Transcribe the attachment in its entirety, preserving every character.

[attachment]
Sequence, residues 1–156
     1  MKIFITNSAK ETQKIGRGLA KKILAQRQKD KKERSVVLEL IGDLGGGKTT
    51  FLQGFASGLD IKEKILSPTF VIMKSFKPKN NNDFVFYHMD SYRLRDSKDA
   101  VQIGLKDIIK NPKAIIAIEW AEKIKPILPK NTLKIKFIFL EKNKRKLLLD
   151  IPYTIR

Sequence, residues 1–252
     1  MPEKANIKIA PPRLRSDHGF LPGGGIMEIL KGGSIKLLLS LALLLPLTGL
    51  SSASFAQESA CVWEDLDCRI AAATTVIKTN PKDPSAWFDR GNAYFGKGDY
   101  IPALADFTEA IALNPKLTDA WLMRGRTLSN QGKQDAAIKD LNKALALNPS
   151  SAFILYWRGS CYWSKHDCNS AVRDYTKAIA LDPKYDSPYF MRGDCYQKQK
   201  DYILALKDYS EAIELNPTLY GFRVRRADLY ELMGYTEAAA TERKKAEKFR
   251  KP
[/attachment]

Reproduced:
Sequence, residues 1–156
     1  MKIFITNSAK ETQKIGRGLA KKILAQRQKD KKERSVVLEL IGDLGGGKTT
    51  FLQGFASGLD IKEKILSPTF VIMKSFKPKN NNDFVFYHMD SYRLRDSKDA
   101  VQIGLKDIIK NPKAIIAIEW AEKIKPILPK NTLKIKFIFL EKNKRKLLLD
   151  IPYTIR

Sequence, residues 1–252
     1  MPEKANIKIA PPRLRSDHGF LPGGGIMEIL KGGSIKLLLS LALLLPLTGL
    51  SSASFAQESA CVWEDLDCRI AAATTVIKTN PKDPSAWFDR GNAYFGKGDY
   101  IPALADFTEA IALNPKLTDA WLMRGRTLSN QGKQDAAIKD LNKALALNPS
   151  SAFILYWRGS CYWSKHDCNS AVRDYTKAIA LDPKYDSPYF MRGDCYQKQK
   201  DYILALKDYS EAIELNPTLY GFRVRRADLY ELMGYTEAAA TERKKAEKFR
   251  KP